These can be hard questions to ask especially when dealing with early American history; those answers aren’t always warm and fuzzy. Historical characters that we often look up to (and even honor with national holidays) did some things that they thought were right in the name of their faith that today we might question. This has opened up some great conversations with our children (even as young as they are) where we’ve been able to gently ask them, “Do you think this was okay?” or “Why do you think they did that?” or “Why might they have thought that was okay to do even though they believed in God and thought they were following Him?”

It’s neat to see their realization that a person’s belief system and how they view the world around them can cause them to act in a certain way (sometimes good and sometimes not good)–this is setting them up to understand not just history but also the world today.

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Sonlight. They use real books to bring history alive. The books that they choose give both sides of the story. There is always plenty of opportunity for discussion. My kids have always gone into free play off of what we are reading at the time. They really get into the books.

@goldenecho have you looked into A Beka? The second grade History book has short portions of text and illustrations in every page. No coloring, not a lot of writing requiered, some fun projects but not so many, you could add your own hands-on activities. My son also has trouble paying attention but he loves this book. We finished it some moths ago but he likes to reread it just for pleasure.
The second grade level is all about American history, the third grade book is a collection of biographies of historical characters. If you are looking for history of the world they will not be useful.
There are some sample pages http://www.abeka.com/ABekaOnline/BookDescription.aspx?sbn=95818

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Thank you so much. That is a GREAT idea about drawing stick figures! I am definitely going to try that next time there’s a passage I want my child to hear.

Thanks for sharing about Truth Quest. That wrestling about why Christians from the past could do things that seem so wrong today…that’s really what I’m looking for in a Christian curriculum (to deal with those questions in stead of glossing over them).

I like the idea of using Library books too…how does that work? Do they give you a list and let you choose from the books on it, or are certain books essential (ie, if you’re library doesn’t have them you would need to buy them).

I hadn’t looked at A Beka for that, though a friend suggested it for some other subjects. I will ask her more about the history.

@goldenecho That’s what I loved about Truth Quest as well–not glossing over those difficult questions! It’s been challenging to open up those discussions with my kids but eye-opening as well! I think we’re all learning a lot!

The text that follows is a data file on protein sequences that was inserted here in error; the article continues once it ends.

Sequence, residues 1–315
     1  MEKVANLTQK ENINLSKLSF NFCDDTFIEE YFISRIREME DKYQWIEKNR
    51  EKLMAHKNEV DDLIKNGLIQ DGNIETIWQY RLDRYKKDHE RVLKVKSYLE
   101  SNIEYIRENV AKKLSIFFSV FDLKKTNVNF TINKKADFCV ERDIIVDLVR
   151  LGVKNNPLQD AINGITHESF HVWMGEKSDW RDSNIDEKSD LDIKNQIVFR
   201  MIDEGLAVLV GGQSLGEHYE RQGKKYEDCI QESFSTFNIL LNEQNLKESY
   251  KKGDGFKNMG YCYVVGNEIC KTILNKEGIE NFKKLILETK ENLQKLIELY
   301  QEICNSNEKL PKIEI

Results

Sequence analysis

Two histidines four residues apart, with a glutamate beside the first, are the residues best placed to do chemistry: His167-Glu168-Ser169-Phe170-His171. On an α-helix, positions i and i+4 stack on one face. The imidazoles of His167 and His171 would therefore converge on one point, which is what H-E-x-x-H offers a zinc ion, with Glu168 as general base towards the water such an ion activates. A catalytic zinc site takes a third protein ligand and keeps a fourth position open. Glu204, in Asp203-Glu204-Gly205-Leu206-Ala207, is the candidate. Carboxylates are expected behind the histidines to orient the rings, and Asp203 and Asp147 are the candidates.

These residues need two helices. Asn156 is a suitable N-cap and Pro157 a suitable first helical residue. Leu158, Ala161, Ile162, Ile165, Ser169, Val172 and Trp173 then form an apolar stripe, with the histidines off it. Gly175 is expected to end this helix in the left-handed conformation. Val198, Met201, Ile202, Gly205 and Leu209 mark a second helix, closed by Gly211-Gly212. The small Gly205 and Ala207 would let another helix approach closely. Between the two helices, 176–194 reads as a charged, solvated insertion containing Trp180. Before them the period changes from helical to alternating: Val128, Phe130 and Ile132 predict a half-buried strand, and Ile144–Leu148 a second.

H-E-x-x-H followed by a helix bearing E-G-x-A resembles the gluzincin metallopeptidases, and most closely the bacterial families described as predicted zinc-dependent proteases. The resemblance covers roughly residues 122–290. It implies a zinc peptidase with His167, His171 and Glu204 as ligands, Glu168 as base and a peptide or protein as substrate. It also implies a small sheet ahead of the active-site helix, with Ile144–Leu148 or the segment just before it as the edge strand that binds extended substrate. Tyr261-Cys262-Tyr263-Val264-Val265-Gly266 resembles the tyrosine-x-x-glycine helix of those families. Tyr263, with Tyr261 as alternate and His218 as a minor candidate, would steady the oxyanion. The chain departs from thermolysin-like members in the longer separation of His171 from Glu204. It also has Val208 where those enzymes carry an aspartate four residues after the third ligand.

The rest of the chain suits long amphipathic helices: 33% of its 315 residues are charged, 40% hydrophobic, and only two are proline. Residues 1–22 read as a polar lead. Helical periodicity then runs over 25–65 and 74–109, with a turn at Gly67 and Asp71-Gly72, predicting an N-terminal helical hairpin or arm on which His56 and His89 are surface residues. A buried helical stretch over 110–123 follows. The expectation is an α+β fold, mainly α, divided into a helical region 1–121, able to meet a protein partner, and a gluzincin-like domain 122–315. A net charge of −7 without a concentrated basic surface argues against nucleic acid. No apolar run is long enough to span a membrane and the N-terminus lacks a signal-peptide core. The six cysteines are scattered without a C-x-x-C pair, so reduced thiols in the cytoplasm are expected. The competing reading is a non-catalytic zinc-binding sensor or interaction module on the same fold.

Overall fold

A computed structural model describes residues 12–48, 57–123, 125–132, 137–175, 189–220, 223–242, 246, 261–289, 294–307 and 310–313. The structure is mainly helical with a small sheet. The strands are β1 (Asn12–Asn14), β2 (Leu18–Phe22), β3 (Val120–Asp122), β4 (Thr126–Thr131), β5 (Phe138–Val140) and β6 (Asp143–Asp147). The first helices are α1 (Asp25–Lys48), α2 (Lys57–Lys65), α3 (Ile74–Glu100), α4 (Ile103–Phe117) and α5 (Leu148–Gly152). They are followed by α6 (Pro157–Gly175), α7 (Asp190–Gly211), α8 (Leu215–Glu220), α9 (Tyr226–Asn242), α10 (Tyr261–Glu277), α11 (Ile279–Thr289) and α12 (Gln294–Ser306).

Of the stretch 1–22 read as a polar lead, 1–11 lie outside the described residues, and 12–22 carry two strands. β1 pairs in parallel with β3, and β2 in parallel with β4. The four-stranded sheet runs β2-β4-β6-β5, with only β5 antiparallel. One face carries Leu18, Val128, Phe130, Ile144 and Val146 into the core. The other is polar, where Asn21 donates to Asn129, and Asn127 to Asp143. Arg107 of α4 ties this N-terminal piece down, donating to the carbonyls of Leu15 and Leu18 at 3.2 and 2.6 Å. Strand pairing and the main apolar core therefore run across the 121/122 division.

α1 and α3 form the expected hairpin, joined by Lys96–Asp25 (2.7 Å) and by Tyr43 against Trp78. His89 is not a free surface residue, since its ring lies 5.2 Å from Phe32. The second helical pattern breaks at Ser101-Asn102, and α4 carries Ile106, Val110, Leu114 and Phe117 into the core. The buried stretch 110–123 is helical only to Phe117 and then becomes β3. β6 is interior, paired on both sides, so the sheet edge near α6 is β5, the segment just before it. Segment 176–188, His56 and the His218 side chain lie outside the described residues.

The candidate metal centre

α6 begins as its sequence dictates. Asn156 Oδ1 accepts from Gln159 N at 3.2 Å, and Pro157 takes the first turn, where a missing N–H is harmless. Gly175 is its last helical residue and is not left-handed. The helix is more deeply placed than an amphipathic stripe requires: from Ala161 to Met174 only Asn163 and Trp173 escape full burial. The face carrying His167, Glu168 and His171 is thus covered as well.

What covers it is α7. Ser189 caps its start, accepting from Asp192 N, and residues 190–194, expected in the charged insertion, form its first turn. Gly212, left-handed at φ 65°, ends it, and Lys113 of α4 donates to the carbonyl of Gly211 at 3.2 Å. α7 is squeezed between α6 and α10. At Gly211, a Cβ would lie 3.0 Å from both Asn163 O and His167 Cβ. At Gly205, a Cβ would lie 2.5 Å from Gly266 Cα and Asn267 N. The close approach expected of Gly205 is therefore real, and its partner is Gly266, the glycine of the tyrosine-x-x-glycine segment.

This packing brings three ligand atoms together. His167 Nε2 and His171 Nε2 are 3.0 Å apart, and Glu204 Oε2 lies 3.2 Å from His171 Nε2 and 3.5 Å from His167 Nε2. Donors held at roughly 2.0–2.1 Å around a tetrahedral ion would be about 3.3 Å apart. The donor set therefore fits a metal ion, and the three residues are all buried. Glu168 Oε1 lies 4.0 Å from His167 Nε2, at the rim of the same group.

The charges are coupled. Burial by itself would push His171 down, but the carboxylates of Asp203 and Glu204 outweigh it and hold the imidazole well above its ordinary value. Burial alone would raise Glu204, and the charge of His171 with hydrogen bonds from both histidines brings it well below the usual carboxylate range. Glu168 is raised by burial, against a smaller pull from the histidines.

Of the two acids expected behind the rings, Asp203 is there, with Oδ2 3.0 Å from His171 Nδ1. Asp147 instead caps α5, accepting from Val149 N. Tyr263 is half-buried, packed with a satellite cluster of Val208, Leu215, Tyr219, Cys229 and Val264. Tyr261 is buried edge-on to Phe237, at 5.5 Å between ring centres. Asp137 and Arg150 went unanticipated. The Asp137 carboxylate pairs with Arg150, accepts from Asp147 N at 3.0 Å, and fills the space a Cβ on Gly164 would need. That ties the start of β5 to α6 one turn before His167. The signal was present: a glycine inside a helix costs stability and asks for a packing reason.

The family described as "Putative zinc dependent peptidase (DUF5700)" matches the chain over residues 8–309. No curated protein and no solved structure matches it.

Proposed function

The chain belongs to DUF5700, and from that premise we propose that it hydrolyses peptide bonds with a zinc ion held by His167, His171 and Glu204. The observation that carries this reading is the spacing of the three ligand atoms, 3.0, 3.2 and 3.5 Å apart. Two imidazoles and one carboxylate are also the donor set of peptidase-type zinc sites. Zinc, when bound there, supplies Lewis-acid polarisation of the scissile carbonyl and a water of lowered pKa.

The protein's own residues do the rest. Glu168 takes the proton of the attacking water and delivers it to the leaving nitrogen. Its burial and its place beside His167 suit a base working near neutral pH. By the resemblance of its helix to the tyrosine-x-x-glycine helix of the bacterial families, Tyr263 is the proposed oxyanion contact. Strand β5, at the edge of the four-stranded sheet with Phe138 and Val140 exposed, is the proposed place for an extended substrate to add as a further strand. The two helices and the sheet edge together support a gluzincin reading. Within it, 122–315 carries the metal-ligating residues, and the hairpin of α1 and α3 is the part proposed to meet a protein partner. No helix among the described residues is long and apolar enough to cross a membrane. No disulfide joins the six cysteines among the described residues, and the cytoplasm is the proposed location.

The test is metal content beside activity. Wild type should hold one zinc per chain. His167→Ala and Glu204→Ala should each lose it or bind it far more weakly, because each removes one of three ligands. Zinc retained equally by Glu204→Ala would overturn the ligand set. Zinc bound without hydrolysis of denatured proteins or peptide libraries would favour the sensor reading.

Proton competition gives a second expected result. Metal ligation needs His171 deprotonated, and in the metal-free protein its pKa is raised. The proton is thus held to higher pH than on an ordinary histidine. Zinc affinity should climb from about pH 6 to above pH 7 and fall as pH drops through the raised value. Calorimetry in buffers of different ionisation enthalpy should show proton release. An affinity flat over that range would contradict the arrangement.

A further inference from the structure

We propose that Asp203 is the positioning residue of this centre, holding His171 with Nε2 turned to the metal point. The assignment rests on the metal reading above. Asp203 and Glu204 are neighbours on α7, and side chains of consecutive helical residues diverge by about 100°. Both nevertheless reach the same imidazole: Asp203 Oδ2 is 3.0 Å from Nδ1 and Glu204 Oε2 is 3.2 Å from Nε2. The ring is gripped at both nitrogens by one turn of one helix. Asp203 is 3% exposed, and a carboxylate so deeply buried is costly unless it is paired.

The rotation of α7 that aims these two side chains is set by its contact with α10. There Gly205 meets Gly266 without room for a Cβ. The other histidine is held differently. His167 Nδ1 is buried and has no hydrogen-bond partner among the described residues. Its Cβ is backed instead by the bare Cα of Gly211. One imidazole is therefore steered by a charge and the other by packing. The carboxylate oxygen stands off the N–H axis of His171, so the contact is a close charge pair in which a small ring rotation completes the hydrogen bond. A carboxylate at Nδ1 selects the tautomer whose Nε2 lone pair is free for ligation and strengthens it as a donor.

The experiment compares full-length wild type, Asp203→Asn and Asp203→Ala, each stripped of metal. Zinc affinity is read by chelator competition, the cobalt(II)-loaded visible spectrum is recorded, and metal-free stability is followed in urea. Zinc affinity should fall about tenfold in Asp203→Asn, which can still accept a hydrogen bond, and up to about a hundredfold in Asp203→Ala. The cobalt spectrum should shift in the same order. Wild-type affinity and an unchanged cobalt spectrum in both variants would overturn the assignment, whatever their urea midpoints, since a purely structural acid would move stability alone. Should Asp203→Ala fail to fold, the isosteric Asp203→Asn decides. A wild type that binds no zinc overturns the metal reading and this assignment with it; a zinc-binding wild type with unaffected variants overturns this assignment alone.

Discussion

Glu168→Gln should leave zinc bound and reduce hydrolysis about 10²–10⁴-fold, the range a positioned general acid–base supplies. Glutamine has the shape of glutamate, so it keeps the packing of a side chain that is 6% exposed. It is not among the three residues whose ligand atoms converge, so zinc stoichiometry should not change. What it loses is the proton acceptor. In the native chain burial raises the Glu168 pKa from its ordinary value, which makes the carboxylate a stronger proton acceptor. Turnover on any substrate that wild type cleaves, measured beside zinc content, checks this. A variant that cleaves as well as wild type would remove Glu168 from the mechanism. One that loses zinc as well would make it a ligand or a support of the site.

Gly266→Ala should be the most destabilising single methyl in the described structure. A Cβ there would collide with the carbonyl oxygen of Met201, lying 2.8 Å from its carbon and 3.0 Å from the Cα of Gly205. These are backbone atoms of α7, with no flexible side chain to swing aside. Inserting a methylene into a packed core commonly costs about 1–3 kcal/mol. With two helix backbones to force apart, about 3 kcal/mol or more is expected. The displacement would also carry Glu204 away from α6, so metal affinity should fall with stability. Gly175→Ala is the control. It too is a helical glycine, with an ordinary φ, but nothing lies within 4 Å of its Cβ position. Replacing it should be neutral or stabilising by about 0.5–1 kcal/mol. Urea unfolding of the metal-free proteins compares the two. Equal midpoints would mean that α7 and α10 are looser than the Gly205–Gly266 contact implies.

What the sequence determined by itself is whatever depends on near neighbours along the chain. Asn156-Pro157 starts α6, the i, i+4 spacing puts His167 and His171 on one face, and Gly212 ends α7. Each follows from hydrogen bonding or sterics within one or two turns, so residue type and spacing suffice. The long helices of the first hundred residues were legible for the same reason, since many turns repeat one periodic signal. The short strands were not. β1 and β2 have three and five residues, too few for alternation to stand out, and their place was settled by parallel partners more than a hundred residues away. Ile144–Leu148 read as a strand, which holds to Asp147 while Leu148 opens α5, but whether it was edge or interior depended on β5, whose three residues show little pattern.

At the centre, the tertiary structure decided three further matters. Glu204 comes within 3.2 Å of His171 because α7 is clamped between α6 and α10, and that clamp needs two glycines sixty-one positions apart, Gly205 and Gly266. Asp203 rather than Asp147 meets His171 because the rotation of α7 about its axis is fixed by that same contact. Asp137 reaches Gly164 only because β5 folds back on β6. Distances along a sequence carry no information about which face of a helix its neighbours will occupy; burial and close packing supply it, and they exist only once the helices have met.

They give extensive lists in the teacher guides of which library books to look for as well as which grade levels each book is appropriate for (i.e. Grades 2-4 or Grades 3-5 etc.) Our library has some of them, and when they don’t, I just search by the topic and choose other books along the same topics/lines. What I’ve found to work really well is to look on Amazon for the topic of children’s book and then click “Look Inside” the book on Amazon to see how age-appropriate a certain book would be and to sample the content that way. Then, once I see a book there that I like, I go to my library Web site and try to request it there or through inter-library loan. It takes a little work and in-advance prep work, but since we don’t do many subjects this way, I am okay with it taking this work, and also because we’re learning so much through this method!

They also recommend a few “spine” resources that will cover many of the subjects if you want to buy those (such as one volume of Story of the World and A Child’s History of the World etc.) so I purchased those on ebay so we’d have something to refer to on weeks when library books weren’t available or when I was behind on checking things out. Also, the Teacher Guide includes narratives you can read to your child at the beginning of each new topic to introduce the subject matter so we use those too. I hope this information is helpful! The TruthQuest Web site has great samples of their teacher guides and student pages I think (from what I remember when I was considering it last year) so you might want to check there. I read their philosophy and that’s what really drew me to their approach to history!

And a tip on the chalk board stick figures–try a colored pack of chalk for a dollar from Walmart or anywhere! It makes a fun difference! Also, window markers (also from Walmart) are LOTS of fun! Put a piece of white paper on the outside of your window (tape it to the outside) and then draw the picture on the inside of the window so that it looks like you’re drawing it on the outside piece of white paper :slight_smile: Those are other fun things we’ve done! My kiddos LOVE window markers and they are remarkably easy to clean up! I was pleasantly surprised! I’ve also taped coloring pictures from the story topic to the outside of the window and let them color them using window markers from the inside of the window while I told the story :slight_smile:

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I have a 6 almost 7 year old who sounds a lot like your son. We tried Story of the World this year and didn’t have much success with it. I didn’t feel like he was really learning much. I think we are going to take a break from it next year, second grade, and try again in a few years.

I’m going to look into this. I think I might have heard Truth Quest mentioned before, but never looked into it, but I’m checking this out for sure! Thanks!

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@DeannaForgard Let me know if you have any questions :slight_smile: We are finishing our first year with it and it has gone really well!

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I’ve just briefly looked at their site so far, but one thing I’m wondering if it works to have Grades 1-4 in the Younger Student guides and Grades 5-12 in the other guides but taught together. Does that make sense? What I mean is I would probably use it so that children in Grades 1-4 are lumped together in the same guide while the ones in Grades 5 & up would be lumped together in the upper guides. How well would this approach work?